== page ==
Israel to Ireland: Banning goods from post'67 Israel will harm ties

Bill would mandate jail time or fines for selling wine from Golan, dates from Jordan Valley settlements, in Dublin.

By
January 25, 2019 13:32
1 minute read.
Psagot winery

Grape harvest at the Psagot winery. (photo credit: MARC ISRAEL SELLEM)

 
X

Dear Reader,
As you can imagine, more people are reading The Jerusalem Post than ever before. Nevertheless, traditional business models are no longer sustainable and high-quality publications, like ours, are being forced to look for new ways to keep going. Unlike many other news organizations, we have not put up a paywall. We want to keep our journalism open and accessible and be able to keep providing you with news and analysis from the frontlines of Israel, the Middle East and the Jewish World.

As one of our loyal readers, we ask you to be our partner.

For $5 a month you will receive access to the following:

  • A user experience almost completely free of ads
  • Access to our Premium Section
  • Content from the award-winning Jerusalem Report and our monthly magazine to learn Hebrew - Ivrit
  • A brand new ePaper featuring the daily newspaper as it appears in print in Israel

Help us grow and continue telling Israel’s story to the world.

Thank you,

Ronit Hasin-Hochman, CEO, Jerusalem Post Group
Yaakov Katz, Editor-in-Chief

UPGRADE YOUR JPOST EXPERIENCE FOR 5$ PER MONTH Show me later

The passage of Irish legislation criminalizing selling goods and services originating beyond the pre-1967 lines will “have serious ramifications for Israel-Ireland relations and Ireland’s status in the region,” the Foreign Ministry warned Ireland’s Ambassador Alison Kelly on Friday.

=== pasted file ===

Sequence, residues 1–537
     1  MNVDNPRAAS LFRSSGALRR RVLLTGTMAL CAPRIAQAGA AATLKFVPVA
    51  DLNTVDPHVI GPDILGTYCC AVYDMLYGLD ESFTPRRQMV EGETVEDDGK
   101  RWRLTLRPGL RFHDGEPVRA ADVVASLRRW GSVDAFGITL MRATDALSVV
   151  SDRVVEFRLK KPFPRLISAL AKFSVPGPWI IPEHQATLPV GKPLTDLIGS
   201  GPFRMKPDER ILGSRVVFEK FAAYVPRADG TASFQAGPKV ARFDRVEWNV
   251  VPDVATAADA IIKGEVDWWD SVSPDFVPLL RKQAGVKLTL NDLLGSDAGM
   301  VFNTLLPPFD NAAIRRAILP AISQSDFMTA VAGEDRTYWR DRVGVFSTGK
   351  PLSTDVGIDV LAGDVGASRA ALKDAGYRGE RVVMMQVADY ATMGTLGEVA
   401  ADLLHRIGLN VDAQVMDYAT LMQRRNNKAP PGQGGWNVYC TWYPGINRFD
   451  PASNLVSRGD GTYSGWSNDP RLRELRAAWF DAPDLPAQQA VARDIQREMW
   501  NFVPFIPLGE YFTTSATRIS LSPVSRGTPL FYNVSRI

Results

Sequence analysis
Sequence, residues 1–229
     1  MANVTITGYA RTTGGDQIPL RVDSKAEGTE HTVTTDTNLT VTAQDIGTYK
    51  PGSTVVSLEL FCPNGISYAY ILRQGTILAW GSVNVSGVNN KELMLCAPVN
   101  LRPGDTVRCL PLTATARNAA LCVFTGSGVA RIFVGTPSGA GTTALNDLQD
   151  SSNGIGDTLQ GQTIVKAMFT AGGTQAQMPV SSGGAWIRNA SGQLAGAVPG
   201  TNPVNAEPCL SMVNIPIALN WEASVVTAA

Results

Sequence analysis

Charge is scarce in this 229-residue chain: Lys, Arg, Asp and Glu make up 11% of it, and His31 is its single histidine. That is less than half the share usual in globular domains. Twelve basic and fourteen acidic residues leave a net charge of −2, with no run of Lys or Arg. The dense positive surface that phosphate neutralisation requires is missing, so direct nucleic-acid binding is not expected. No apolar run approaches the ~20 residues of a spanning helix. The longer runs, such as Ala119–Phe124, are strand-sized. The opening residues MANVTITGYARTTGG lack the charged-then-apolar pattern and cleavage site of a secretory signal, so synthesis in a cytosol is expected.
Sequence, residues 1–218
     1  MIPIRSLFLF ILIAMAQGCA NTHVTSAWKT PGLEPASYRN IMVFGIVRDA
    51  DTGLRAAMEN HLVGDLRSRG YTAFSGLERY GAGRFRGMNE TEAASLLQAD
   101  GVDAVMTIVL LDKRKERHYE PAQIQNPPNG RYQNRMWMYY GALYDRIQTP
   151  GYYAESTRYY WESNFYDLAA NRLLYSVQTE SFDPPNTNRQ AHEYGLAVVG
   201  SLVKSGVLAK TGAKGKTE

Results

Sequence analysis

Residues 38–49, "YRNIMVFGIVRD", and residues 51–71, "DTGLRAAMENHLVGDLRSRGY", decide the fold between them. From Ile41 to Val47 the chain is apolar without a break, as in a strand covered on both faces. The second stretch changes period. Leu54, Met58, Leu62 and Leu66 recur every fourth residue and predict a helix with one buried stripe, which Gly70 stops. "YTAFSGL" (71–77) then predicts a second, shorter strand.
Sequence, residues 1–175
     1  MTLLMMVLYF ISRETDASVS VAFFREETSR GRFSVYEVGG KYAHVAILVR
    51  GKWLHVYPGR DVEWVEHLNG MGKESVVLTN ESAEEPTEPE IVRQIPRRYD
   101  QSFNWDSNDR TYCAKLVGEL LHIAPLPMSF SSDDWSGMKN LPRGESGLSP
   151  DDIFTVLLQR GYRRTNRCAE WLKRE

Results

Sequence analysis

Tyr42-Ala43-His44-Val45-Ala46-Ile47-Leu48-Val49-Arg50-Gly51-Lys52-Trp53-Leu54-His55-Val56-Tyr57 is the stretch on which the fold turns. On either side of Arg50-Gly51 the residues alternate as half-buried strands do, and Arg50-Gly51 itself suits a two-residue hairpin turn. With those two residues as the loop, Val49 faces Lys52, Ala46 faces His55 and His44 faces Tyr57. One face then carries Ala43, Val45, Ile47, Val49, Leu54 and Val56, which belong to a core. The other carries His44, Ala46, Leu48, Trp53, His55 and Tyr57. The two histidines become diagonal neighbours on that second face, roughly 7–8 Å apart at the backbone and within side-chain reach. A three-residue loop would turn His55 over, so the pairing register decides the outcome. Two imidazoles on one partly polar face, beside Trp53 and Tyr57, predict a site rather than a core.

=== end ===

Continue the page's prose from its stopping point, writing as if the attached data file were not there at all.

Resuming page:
The ministry said that Kelly was called in to its offices in Jerusalem for an “angry rebuke” following advancement of the bill in Ireland’s lower parliament on Thursday.
The ministry deemed the proposed legislation “hypocritical and antisemitic,” and said it would be better for Ireland to deal with “dark dictatorships and terrorist movements, instead of Israel, the only democracy in the Middle East.”


Ireland’s minority government has come out against the bill, saying the country cannot act alone on this matter because it is part of the EU’s single market, and as a result it has to abide by its trade policies.


A spokesman for the Irish foreign ministry was quoted in the Irish media as saying that Kelly “conveyed the position of the Irish government in opposing the bill.”


The European Union has labeled but not banned Israeli products roduced over the pre-1967 lines.


If passed, the bill means fines of up to €250,000 or five years in jail could be imposed on merchants in Ireland selling dates from settlements in the Jordan Valley, wine from the Golan Heights, or any goods or service coming from east Jerusalem.


According to the Irish Times, Ireland’s imports from the settlements are estimated at less than $1.7 million.


In 2017, Israel exported some $68 million worth of goods to Ireland, and imported $868 million.


It is not clear what retaliatory action Israel would take if the bill passes, but one idea that has been discussed in the past is closing the embassy in Dublin, and using that money to open an embassy in a country more favorably inclined toward Israel. Such a move could have chilling effect on Israeli-Irish trade.

Tovah Lazaroff contributed to this report.

Join Jerusalem Post Premium Plus now for just $5 and upgrade your experience with an ads-free website and exclusive content. Click here>>

Related Content

Students
March 24, 2019
Israel approves 26 new English-language degrees, eyeing world's top minds

By EYTAN HALON